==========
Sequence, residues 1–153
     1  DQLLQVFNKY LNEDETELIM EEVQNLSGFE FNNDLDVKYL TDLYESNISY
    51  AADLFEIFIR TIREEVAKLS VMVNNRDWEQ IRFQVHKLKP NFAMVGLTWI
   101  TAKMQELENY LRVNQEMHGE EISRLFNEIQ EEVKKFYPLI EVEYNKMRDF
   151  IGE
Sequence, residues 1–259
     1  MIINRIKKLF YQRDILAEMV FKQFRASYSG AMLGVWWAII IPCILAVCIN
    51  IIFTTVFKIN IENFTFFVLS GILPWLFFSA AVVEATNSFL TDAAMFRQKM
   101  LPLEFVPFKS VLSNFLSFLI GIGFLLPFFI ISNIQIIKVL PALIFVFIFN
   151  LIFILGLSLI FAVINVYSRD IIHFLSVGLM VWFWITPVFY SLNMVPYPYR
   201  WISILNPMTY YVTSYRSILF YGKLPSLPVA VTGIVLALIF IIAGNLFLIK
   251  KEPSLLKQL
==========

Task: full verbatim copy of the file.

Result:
Sequence, residues 1–153
     1  DQLLQVFNKY LNEDETELIM EEVQNLSGFE FNNDLDVKYL TDLYESNISY
    51  AADLFEIFIR TIREEVAKLS VMVNNRDWEQ IRFQVHKLKP NFAMVGLTWI
   101  TAKMQELENY LRVNQEMHGE EISRLFNEIQ EEVKKFYPLI EVEYNKMRDF
   151  IGE
Sequence, residues 1–259
     1  MIINRIKKLF YQRDILAEMV FKQFRASYSG AMLGVWWAII IPCILAVCIN
    51  IIFTTVFKIN IENFTFFVLS GILPWLFFSA AVVEATNSFL TDAAMFRQKM
   101  LPLEFVPFKS VLSNFLSFLI GIGFLLPFFI ISNIQIIKVL PALIFVFIFN
   151  LIFILGLSLI FAVINVYSRD IIHFLSVGLM VWFWITPVFY SLNMVPYPYR
   201  WISILNPMTY YVTSYRSILF YGKLPSLPVA VTGIVLALIF IIAGNLFLIK
   251  KEPSLLKQL